Today in Publisher’s Lunch, I saw this about a lawsuit against Greg Mortenson, author of Three Cups of Tea.
The facts in the book (which I’ve not read) have been challenged by Jon Krakauer (whom I’ve also never read).
Of course I’m interested in the lawsuit, although I don’t know how I feel about readers suing a writer because his facts may not be factual. Maybe non-fiction books should have caveat lector inscribed on the dedication page? Anyway, here’s the quote from Publisher’s Lunch:
Separately, last week attorney for Mortenson and his co-plaintiffs (including Penguin) filed motions in the Montana US District Court where three people are seeking class-action status in a lawsuit over the books. The plaintiffs have asked the court to put the proceeds from the books, which they estimate at over $5 million, into a trust fund focused on humanitarian aid.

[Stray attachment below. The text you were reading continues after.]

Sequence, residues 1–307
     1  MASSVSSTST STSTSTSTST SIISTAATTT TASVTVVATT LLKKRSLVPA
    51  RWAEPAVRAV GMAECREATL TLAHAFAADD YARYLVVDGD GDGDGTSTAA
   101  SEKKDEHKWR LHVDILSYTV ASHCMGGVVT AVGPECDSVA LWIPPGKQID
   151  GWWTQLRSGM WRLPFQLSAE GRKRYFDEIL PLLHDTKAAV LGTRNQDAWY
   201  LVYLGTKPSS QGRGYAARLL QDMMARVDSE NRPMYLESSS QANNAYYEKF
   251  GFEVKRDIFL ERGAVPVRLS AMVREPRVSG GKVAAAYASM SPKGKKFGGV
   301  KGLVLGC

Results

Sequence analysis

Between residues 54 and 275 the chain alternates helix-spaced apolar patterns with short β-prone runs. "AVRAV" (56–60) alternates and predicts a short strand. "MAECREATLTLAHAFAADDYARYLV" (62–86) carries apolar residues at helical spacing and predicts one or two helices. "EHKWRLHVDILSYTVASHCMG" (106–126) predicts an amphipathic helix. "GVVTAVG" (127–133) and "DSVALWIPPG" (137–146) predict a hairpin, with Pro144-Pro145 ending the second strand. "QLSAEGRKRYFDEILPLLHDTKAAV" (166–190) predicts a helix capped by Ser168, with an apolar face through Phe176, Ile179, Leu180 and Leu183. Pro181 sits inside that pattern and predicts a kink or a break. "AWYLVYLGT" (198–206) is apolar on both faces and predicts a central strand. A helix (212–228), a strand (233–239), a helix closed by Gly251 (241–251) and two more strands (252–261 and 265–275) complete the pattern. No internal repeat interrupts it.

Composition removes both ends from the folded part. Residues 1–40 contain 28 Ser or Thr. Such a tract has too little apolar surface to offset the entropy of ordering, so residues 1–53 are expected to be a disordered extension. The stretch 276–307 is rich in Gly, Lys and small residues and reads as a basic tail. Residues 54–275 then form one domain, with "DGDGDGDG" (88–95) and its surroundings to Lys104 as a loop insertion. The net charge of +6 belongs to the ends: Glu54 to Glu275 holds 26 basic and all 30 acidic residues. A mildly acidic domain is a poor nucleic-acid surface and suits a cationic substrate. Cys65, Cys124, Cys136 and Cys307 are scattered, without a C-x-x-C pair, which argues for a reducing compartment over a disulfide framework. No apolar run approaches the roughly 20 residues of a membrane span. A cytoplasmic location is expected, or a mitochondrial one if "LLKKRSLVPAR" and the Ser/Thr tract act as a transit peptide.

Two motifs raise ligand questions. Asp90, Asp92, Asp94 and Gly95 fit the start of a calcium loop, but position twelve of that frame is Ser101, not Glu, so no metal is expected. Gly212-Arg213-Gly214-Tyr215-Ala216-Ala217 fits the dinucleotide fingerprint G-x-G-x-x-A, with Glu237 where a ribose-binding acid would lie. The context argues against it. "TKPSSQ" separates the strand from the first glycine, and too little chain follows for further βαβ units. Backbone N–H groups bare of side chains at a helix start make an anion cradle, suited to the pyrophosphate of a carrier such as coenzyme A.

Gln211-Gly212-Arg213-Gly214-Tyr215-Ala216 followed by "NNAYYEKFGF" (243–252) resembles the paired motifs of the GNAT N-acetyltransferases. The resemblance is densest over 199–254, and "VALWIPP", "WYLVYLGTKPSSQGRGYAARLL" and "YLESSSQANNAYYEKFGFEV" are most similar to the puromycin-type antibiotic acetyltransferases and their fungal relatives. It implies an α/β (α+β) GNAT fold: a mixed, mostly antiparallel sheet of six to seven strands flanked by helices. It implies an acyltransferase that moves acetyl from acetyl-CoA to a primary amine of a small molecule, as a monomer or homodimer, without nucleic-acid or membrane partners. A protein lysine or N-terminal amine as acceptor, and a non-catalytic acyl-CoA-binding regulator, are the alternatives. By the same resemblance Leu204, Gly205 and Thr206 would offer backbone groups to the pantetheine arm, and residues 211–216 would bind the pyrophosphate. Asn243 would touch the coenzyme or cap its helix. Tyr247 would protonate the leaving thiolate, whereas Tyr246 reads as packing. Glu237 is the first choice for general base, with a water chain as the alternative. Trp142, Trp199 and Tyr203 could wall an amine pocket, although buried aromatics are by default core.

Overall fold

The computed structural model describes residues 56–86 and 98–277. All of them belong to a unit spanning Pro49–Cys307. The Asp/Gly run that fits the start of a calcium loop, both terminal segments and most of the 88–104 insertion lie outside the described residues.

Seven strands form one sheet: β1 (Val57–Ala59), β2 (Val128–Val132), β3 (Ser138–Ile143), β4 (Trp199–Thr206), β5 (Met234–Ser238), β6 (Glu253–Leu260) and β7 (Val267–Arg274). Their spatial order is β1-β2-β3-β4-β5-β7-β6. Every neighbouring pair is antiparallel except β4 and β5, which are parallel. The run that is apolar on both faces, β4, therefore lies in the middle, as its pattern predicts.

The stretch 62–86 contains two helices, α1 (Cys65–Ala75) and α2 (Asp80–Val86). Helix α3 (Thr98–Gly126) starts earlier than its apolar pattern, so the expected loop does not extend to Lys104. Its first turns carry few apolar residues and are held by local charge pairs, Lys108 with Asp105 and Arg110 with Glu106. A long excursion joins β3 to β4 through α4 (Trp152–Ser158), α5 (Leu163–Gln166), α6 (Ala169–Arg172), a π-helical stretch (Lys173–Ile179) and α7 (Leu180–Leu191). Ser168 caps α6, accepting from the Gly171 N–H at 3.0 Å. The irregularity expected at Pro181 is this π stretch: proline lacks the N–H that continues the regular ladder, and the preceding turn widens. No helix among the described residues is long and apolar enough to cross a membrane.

The responses assert that the court cannot certify a class of 4 million purchasers of Mortenson’s books because, even if false representations were made (which they do not acknowledge), the various buyers may have been fooled for different reasons. “Millions of individual findings would be required to determine whether each class member relied on a particular representation in making his or her purchase.” Penguin’s filing meticulously points out all the different reasons people buy books.
If the court agrees, it’s possible that such a ruling could insulate publishers and authors against similar class action claims in the future. (Class action suits were brought against James Frey and Doubleday–in that case most of the money went to attorneys and ads publicizing the settlement; fewer than 2,000 claimants filed for refunds.)
At the same time, Mortenson and Penguin both say that the original suit does not contain enough specifics to go forward or justify certifying such a large class. The plaintiffs “have never identified the particular false statements made by Mortenson…and fail to identify the alleged false statements in the books,” Mortenson’s attorneys write. Penguin’s counsel reiterates that “plaintiffs do not identify any particular misrepresentations or falsehoods; they just vaguely allege that defendants fabricated unspecified details or aspects of the stories contained in the books and in public statements.”